A Nostalgic Walk in Delhi !

My father died in Delhi when I was barely 18. My mother was returning to Kerala. I told her that I would look after myself and there was no need for her to worry about me. The only skill I had was a bit of knowledge in typing. I got a job as a typist at the CPI Parliamentary office. My salary was 250 rupees a month. I have very good memories of that one year of my life. The office was in Windsor Place, the circle which connects Ashoka Road, Janpath Road and Ferozeshah Road. Com. Mahendra Acharya was in charge of the office. He was an extremely warm, loving old gentleman. Com. Ramakrishnan looked after the work details. He looked at me as a younger brother. Com. Nalini and her family lived in the same building with two children, her mother and sister. Vinod and Dinesh were lovely children who were like my younger brothers. Their father was an extremely compassionate communist working in Ajay Bhavan at that time. The members of Parliament belonging to CPI used to drop in very often. I had occasions to meet leaders like Indrajeet Gupta, Hiren Mukherji, Bhupesh Gupta, Mohit Sen and many others at a young age. All these old timers had different qualities that I could not resist from respecting, though I was not a party person. The time was Emergency. Even though these leaders stood by the party decision to support Emergency, they had no problem listening to my half baked criticisms on Emergency and my reservations on the stand of CPI. With their age, experience and understanding, they could have easily brushed me aside. But these people were from a different breed.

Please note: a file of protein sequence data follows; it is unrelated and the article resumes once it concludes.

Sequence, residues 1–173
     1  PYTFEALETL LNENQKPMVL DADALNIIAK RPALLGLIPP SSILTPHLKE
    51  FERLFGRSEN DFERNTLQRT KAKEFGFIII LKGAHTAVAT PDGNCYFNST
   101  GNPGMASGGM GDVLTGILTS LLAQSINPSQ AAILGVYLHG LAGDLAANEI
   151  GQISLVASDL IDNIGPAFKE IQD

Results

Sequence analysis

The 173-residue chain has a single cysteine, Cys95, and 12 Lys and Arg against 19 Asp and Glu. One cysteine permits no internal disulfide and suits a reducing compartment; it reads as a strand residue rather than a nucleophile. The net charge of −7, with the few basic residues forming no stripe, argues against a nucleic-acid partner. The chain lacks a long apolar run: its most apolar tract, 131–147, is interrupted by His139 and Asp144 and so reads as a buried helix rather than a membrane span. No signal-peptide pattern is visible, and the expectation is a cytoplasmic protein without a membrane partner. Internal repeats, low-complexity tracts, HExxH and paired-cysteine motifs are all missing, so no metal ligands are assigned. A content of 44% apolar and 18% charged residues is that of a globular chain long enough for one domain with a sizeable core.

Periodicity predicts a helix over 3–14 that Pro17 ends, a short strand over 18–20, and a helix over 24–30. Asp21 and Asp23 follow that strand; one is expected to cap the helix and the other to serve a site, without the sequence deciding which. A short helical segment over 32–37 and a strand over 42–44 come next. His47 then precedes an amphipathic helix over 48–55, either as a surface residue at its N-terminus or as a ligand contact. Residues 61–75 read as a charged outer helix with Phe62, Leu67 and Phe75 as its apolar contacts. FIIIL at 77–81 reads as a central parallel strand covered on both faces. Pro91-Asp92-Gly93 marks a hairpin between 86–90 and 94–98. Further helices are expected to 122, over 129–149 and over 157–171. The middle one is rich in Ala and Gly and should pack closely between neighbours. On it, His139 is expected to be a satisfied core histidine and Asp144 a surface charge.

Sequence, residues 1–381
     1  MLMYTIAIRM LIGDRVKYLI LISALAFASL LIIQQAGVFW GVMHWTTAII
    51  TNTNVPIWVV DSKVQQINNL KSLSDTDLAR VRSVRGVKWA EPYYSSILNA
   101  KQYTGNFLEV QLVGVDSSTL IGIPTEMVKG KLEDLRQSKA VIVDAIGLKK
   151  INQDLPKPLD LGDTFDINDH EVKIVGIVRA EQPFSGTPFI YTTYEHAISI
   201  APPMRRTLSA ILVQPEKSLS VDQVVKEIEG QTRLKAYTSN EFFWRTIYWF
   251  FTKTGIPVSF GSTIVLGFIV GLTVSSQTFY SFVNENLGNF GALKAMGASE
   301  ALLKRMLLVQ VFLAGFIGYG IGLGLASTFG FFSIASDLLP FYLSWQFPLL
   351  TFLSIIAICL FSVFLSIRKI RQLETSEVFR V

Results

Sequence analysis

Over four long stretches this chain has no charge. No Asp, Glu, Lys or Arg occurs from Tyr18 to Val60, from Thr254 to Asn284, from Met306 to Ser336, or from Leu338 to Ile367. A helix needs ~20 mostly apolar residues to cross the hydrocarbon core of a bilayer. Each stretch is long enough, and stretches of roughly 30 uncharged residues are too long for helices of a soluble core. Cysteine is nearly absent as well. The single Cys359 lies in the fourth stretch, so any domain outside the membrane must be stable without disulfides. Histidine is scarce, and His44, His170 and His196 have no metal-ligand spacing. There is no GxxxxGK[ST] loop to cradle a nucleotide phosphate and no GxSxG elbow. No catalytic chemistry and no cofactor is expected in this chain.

My typing was filled with mistakes. They would be patient with me. But one person who was open and frank with me was Comrade Chandrappan who became an MP, coming from the youth movement of CPI. He thought that I could write English since I could speak English. And he asked me if I could write a press release. I voluntarily agreed. He showed me a press cutting and said that AIYF would respond to this news with so and so points and told me the points. I noted the points and then I typed a press release for him. Obviously, my written language was bad. He corrected my language by marking every mistake with a pen and gave it to me. When I looked at it, I was too embarrassed by the number of corrections. So, I corrected everything and typed it out again and gave it to him. After that, he never gave me such responsibilities. But for me, his behaviour deserved respect from my side. He was a man of few words in normal circumstances, though he was a careful and good orator from the youth movement. He was too sensitive to deal with the situation in such a way that I should not be feeling guilty about my bad performance.

I moved out to different social and political streams in no time beginning from my short experience with these old timers. But there was something precious that I learnt from that office in Windsor Place in Delhi. Some people do not demand respect from others. They place you in such a way that you have no option but to respect them.

And today morning, I was walking along that same road in Delhi. I looked at that same very house where I worked, with my curious eyes. There were 3 big hoardings with an image of a guy with saffron tikka, in front of that house. Today, it is the house of a BJP Member of Parliament!

K.P. Sasi is a film maker, cartoonist and writer


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K P Sasi

K.P. Sasi is a film maker, cartoonist, writer and an activist

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